This essay is also available on Medium.
An important question for monetary policymakers is, What policy stance, including the current setting of the federal funds rate, the current size and composition of the Fed’s balance sheet, and the expected paths of the funds rate and balance sheet, represents “neutral”—neither stimulating nor restraining the economy?
In our Summary of Economic Projections (SEP), the participants in the Federal Open Market Committee (FOMC) estimate the longer-run level of the federal funds rate—that is, the overnight nominal interest rate that best represents neutral in the longer run, once the various shocks that are hitting the economy have passed. We cannot observe the neutral funds rate directly; we can only estimate it. My own estimate of the nominal neutral funds rate is 2.0 percent, and the range of estimates in the most recent SEP among FOMC participants is from 2.0 percent to 3.0 percent.
But is the nominal federal funds rate what really drives economic activity, and therefore, is comparing it to our estimate of its longer-run neutral level the best assessment we can make of the current stance of monetary policy?
Most economists argue that it is not nominal rates that drive economic activity, but real rates: nominal rates less inflation. And while the FOMC has now raised the funds rate by 75 basis points over the past two meetings (to 75 to 100 basis points), inflation has climbed rapidly over the course of the past year (chart 1). Some observers argue the Fed is way behind the curve because inflation has climbed faster than we have raised rates. Therefore, monetary policy has not tightened but has actually become more stimulative as inflation climbed. So we aren’t simply behind the curve, they argue, we are falling even further behind.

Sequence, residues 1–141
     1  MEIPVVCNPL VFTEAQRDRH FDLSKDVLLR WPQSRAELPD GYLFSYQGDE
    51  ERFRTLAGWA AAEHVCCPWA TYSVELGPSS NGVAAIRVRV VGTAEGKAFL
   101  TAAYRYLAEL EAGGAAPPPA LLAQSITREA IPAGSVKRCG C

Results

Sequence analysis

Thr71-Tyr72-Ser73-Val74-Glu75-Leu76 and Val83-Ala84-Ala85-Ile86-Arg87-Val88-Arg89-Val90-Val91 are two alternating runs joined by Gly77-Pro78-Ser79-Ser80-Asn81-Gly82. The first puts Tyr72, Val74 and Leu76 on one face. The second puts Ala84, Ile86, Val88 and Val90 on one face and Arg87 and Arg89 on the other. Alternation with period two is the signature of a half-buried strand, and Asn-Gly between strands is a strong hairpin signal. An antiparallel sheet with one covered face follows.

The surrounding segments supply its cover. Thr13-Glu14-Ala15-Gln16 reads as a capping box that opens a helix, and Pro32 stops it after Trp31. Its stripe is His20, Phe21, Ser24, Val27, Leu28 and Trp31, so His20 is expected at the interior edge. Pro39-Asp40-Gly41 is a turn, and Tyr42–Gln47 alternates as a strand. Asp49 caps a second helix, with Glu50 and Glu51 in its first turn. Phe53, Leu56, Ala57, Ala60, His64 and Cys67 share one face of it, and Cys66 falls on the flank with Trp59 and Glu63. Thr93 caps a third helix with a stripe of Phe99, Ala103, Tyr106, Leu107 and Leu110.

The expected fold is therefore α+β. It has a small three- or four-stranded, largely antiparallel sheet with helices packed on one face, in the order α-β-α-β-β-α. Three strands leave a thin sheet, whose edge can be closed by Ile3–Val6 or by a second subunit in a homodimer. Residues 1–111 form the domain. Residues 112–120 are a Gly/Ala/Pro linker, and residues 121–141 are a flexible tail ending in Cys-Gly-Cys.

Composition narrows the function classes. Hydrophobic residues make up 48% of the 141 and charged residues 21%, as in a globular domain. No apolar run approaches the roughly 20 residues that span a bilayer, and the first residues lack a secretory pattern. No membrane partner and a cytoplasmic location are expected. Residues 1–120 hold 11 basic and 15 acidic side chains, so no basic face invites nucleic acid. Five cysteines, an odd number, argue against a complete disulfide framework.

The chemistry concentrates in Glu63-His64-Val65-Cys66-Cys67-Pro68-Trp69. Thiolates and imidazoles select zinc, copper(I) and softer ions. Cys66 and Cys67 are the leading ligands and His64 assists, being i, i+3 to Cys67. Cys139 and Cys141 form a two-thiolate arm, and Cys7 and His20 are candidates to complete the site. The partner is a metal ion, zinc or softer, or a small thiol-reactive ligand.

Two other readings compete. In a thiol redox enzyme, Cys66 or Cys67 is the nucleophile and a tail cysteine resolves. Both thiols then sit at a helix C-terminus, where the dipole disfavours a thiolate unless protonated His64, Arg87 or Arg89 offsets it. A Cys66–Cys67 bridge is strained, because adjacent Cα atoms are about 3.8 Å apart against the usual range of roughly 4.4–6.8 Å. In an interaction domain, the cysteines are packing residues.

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Is this criticism right?
While I agree real rates are more important than nominal rates in driving economic activity, I believe it is long-term real rates—say 5 years, 10 years or longer—rather than overnight rates that influence business and consumer demand for credit. When businesses consider taking a loan to build a new factory, they consider their cost of capital over the life of the project to determine if the project is a good investment. Similarly, when families consider taking out a mortgage to buy a home, most are not thinking about overnight interest rates. They are considering the interest rate they will have to pay for the mortgage over the life of the loan, 10, 15 or even 30 years. Hence, in my view, long real rates are far more important than short real rates in driving economic activity, and we should look at long real rates to assess if policy is stimulating or restraining the economy. So what has happened to long real rates?
Since the FOMC began pivoting its policy stance last fall, there has been a dramatic increase in long-term real interest rates.
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Chart 2 shows that long-term real rates have risen quickly in the past several months. In fact, they have risen even faster than they fell in the spring of 2020, when the FOMC cut the federal funds rate to essentially zero and launched a massive quantitative easing program to support the economy. How is that possible given that we have only raised the funds rate by 75 basis points and haven’t actually begun shrinking our balance sheet?